Once the parts were unpacked, the wood from the crates was used in the cars, and the packing stuffed the seats, and so on. I think even the screws used to screw the crates together were re-used. It was recycling and re-purposing in the early automotive industry, though I’m sure Henry’s motivation was economic, not altruistic. Either way it’s impressive innovation..

    Like 14
  3. Daniel Wright

    The tires were narrow and the T had a high stance because many people still drove horse pulled buggies back then Many roads were severely rutted and the T was built to cope with the mud and the ruts.

    Like 6
  4. Chester

    Yes, Henry Ford was a turd, but his company sure produced a great car in the T.

    Like 9
    • Curt Lemay

      That is kind of a mean thing to say, but also kind’a true.

      Like 3
  5. Bob Roller

    One of the few things ever made that started at the bottom and then went down from there.I compared one of these to a model 490 Chevrolet from 1919 and the Chevy had brakes that worked on the wheels,a three speed transmission,a water pump and an oil pump.By comparison the Ford was right up there with the stone axe.

  6. Bunky

    Hey Bob- did you get into a bunch of sour grapes? Kinda hard to justify throwing stones at a 97 year old survivor. A friend of mine just sold a ‘17 T Touring that was all original, down to the paint and upholstery.
    In regards to the Chevy 3 speed – Henry cleverly came up with a semi-automatic. Many people, including my Grandfather, had trouble mastering a clutch and gear changes. Say what you will-Ts we’re amazingly durable.

    Like 6
    • Brian

      It actually was John and Horace Dodge that came up with that transmission along the rest of it.

      Like 5
  7. DON

    Hey, so it leaks and shakes — If any of us are lucky to reach 97 years old we’ll likely be shaking and leaking too !

    Like 10
  8. Allen Member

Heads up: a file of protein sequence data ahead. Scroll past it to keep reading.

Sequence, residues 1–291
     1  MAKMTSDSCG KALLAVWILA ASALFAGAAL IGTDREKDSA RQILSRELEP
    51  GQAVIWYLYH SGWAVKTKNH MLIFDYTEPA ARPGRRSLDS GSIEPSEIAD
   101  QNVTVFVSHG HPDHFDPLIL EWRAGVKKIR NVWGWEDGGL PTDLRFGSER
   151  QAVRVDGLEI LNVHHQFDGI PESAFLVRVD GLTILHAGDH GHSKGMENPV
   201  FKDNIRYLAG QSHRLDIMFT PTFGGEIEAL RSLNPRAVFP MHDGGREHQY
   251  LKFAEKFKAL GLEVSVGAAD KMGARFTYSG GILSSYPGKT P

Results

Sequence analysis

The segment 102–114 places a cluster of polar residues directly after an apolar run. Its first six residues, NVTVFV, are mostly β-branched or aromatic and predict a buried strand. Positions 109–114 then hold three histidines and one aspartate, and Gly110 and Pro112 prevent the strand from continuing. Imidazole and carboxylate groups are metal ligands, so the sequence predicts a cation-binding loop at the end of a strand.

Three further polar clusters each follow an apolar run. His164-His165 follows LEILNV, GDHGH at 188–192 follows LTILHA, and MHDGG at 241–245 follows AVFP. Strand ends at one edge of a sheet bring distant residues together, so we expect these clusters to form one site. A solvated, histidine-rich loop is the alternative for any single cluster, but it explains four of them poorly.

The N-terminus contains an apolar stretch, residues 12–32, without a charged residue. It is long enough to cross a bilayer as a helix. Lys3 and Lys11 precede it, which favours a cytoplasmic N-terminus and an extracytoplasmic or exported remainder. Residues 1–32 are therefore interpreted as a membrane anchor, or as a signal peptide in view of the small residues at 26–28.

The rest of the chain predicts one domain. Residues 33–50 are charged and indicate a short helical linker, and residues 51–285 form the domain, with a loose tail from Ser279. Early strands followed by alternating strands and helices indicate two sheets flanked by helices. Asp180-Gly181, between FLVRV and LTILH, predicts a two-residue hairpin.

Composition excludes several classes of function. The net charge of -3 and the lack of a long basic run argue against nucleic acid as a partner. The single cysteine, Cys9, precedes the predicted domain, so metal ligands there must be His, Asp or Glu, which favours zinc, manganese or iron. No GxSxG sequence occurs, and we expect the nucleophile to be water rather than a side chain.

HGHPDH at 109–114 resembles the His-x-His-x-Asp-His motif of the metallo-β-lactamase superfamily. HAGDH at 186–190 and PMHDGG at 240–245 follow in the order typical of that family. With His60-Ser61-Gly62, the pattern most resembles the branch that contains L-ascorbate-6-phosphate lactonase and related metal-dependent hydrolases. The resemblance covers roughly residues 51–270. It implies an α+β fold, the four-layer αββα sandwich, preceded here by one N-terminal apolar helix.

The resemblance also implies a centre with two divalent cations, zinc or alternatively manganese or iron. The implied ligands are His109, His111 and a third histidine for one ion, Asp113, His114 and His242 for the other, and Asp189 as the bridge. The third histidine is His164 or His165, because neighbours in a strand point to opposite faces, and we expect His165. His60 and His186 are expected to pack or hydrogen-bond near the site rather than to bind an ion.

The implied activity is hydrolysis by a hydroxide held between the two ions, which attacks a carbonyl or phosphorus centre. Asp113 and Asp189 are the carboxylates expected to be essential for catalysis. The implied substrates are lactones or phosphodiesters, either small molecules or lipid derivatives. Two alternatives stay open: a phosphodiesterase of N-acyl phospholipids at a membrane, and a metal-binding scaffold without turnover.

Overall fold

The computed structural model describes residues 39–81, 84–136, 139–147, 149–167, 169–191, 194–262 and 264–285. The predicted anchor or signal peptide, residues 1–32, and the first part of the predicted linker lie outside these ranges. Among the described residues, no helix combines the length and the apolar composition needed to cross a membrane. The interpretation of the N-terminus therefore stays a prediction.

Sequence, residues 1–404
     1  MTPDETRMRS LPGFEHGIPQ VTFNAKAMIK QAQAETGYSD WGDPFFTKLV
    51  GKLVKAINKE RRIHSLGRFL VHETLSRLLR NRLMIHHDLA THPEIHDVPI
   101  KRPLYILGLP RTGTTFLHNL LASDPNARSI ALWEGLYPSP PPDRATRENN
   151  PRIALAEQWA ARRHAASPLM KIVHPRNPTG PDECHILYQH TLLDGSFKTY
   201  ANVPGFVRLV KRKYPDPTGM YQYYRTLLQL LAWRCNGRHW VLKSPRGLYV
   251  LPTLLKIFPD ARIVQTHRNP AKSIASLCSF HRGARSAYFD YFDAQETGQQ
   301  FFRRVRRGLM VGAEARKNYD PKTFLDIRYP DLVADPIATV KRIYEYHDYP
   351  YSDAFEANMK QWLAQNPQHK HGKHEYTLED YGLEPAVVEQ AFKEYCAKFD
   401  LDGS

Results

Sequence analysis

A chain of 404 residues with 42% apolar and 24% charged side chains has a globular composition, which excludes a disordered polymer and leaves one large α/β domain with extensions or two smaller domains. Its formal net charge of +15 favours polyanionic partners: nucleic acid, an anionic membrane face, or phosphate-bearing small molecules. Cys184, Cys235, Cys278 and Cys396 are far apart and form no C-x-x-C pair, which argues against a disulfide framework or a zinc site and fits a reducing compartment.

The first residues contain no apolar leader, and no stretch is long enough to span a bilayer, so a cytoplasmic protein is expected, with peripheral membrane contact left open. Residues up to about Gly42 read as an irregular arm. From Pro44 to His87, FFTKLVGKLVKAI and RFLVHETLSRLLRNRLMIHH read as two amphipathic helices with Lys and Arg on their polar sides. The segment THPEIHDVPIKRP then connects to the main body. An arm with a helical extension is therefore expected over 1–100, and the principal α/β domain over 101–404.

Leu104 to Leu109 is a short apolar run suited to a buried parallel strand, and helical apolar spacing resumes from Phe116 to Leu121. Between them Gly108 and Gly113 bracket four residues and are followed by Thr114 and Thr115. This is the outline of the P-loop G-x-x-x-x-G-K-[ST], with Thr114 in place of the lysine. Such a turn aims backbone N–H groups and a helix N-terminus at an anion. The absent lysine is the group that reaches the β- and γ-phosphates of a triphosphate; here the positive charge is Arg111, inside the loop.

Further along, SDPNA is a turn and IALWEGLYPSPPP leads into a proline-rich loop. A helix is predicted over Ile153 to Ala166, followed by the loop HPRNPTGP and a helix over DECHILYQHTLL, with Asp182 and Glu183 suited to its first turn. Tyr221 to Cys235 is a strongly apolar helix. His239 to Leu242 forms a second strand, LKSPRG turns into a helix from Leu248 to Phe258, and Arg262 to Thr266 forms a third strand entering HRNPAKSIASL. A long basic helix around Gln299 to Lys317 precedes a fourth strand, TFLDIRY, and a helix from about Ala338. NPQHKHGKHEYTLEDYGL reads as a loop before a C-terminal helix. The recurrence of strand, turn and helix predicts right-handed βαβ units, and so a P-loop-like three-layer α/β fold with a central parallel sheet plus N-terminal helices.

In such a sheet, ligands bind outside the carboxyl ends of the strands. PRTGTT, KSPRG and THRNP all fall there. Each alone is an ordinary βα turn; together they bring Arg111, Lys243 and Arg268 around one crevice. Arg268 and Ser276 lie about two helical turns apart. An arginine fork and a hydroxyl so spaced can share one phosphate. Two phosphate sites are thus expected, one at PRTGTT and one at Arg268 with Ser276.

My dad drove my grandfather on his daily rural mail route in a model T. Grandpa was a horseman; never could learn to drive a car. The model T could take abuse that no other car could tolerate. They tried a 1917 Baby Grand Chevrolet for a few months before the chassis broke in half. That was one of the ways the T survived those mud-rut roads of the day. They would bent and flex where others simply broke.

    Like 1
  9. Chris Munn

    They made America Great…

    Like 3
  10. Kenn

    Absolutely correct on the transmission! While seeing three pedals seems to scare some folks, operating them made driving the T easiest method to learn until the fully automatic tranny came into being.

    Like 1
  11. Phlathead Phil

    Impressive to say the least. It even appears to have an original leather seat.

    Top speed: 30 M.P.H.

    Well, whaadya expect from a phlathead engine, sound barrier perfomance ???

    At my age, I’m cool just to be going forward. And, that’s a phact Jack!

    Like 1
  12. PRA4SNW PRA4SNW Member

    SOLD for $9,000.

  13. Jenkins Leon

    the model T didn’t have any middle cross members so you could drive diagonally across a plowed field and the frame would bend and flex. The bad part without a fuel pump was the lower gas tank and if you didn’t have a lot of gas in the tank you could turn around and “back” up the hills so the fuel was higher up. That s why they put the fuel tank behind the dash on the model A’s.
    I had a 1919 one ton truck with a two-speed rear end that helped some.